The Independence/ dependence fight. Old people want to maintain their independence to make decisions while the social worker commits to promote self-determination and dignity of the individual. But things are not that simple. When an elderly claims for increasingly supporting service and experiences growing difficulties to maintain independence on his own, it will be confrontational to live up to the elderly expectations.
McInnis-Dittrich (2008) states ‘A worker can appreciate the desperate efforts on the part of an older adult to stay in his or her own home. Yet when an older adult is struggling with stairs or a deteriorating neighborhood, and difficulties in completing the simple activities of daily living challenge the feasibility of that effort, professional and personal dilemmas abound.’ This is a good example to understand that sustaining independence in the gerontological social work is a critical goal which has no simple good answer.
Private functions become public business. Discussing the topic such as an old woman’s bladder and bowel functions or an older man’s maintaining an erection or urinating with clients may cause awkward and uncomfortable resistance when social workers and other helping professional get involved. Therefore, sometimes it is important to be sensitive to the deeply personal nature when social workers try to acquire necessary comprehension of an older adult’s health conditions. A better understanding of interpersonal skills and psychosocial adjustment to aging would be helpful and essential.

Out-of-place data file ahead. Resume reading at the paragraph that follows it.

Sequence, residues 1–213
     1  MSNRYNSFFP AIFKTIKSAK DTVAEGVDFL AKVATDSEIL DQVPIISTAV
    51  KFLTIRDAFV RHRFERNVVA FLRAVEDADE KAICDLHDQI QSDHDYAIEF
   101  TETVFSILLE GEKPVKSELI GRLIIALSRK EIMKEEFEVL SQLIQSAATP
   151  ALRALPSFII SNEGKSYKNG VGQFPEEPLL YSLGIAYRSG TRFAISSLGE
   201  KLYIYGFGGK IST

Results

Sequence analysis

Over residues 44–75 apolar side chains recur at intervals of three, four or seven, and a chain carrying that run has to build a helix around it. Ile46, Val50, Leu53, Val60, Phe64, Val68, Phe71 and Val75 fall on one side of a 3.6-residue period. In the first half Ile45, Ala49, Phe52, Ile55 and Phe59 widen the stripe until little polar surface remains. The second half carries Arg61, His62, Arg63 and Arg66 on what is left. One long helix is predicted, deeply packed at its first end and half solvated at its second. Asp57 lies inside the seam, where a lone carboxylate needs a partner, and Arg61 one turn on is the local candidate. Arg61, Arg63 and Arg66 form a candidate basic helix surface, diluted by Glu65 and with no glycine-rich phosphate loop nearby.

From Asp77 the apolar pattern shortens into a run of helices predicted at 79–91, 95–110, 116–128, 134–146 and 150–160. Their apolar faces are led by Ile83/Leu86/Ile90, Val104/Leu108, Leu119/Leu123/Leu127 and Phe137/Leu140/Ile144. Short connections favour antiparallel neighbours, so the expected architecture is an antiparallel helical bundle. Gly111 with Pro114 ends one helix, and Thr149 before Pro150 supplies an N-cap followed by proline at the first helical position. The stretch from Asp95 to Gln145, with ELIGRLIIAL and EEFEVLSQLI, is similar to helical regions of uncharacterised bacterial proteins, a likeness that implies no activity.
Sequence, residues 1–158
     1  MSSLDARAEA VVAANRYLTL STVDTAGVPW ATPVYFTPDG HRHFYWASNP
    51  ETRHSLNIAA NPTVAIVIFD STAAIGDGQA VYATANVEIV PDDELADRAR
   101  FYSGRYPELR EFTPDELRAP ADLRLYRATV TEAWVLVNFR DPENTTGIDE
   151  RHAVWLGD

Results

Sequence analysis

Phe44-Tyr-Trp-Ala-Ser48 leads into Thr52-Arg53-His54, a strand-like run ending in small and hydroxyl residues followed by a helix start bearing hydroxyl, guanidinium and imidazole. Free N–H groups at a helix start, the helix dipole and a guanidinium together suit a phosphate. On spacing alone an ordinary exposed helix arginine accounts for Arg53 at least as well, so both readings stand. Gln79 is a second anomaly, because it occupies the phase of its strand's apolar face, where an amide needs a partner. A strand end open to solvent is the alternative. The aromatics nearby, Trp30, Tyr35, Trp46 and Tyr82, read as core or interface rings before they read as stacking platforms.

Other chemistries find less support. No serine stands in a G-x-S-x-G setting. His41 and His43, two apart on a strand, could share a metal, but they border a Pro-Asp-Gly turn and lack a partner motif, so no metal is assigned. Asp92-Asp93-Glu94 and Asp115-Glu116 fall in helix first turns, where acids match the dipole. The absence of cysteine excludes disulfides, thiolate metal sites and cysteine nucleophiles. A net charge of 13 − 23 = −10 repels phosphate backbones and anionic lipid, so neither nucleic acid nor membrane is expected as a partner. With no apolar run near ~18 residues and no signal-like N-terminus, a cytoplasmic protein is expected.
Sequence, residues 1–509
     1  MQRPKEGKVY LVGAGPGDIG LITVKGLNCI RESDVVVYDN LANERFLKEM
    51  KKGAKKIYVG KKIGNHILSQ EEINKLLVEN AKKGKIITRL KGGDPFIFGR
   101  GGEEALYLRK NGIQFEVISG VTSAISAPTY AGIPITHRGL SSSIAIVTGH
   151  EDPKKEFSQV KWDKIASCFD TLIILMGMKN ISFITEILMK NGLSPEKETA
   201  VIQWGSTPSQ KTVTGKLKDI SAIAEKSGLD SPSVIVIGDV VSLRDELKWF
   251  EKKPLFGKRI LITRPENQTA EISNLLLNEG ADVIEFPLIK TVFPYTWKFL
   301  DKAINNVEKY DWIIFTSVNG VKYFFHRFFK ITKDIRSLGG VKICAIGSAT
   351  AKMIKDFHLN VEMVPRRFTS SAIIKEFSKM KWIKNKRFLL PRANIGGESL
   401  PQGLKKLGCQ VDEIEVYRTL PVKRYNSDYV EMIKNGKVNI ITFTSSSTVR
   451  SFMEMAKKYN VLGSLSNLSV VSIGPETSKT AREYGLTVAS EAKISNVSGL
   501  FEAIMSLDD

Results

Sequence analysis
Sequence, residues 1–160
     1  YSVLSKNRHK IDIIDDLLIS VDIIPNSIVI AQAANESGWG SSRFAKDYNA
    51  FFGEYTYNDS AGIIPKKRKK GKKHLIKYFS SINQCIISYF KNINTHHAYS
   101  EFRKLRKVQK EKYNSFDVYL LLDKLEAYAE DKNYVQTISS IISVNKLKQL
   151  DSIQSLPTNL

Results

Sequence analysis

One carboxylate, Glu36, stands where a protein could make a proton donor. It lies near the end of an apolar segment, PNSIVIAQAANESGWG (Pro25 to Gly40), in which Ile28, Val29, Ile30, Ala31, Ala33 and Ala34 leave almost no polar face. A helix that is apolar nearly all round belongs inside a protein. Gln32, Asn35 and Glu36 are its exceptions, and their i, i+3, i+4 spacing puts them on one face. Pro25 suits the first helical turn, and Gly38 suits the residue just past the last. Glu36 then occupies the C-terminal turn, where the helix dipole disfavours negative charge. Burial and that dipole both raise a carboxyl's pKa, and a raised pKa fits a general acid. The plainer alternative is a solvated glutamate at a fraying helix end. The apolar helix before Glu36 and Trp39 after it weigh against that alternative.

Personal plan to address this weakness
Overcome stereotype influence
First of all, I hope that from now on I will pay more attention to those featuring active, healthy, productive, and successful older persons so that I will develop a balanced understanding about aging and elderly. Aging is not painful and debilitating. Many wise, gracious, and humorous elderly have made admirable contribution to the world and have shown remarkable strength to achieve a positive as well as enthusiastic life.
Secondly, another important thing for me is to keep the lines of communication open with older adults. If I can open my heart to communicate, they will share more with me. The stronger relationship between us will help me cope better with the stereotype challenges.
Last but not least, in my future helping process I will often ask myself: ‘does it reinforce stereotypes again?’ I should start from every thing in daily life to alter the attitude that hinders my ability to face the normal changes of aging. Make a change in attitude is not easy, but I will try my best to drive myself on the right direction.
Awareness and Introspection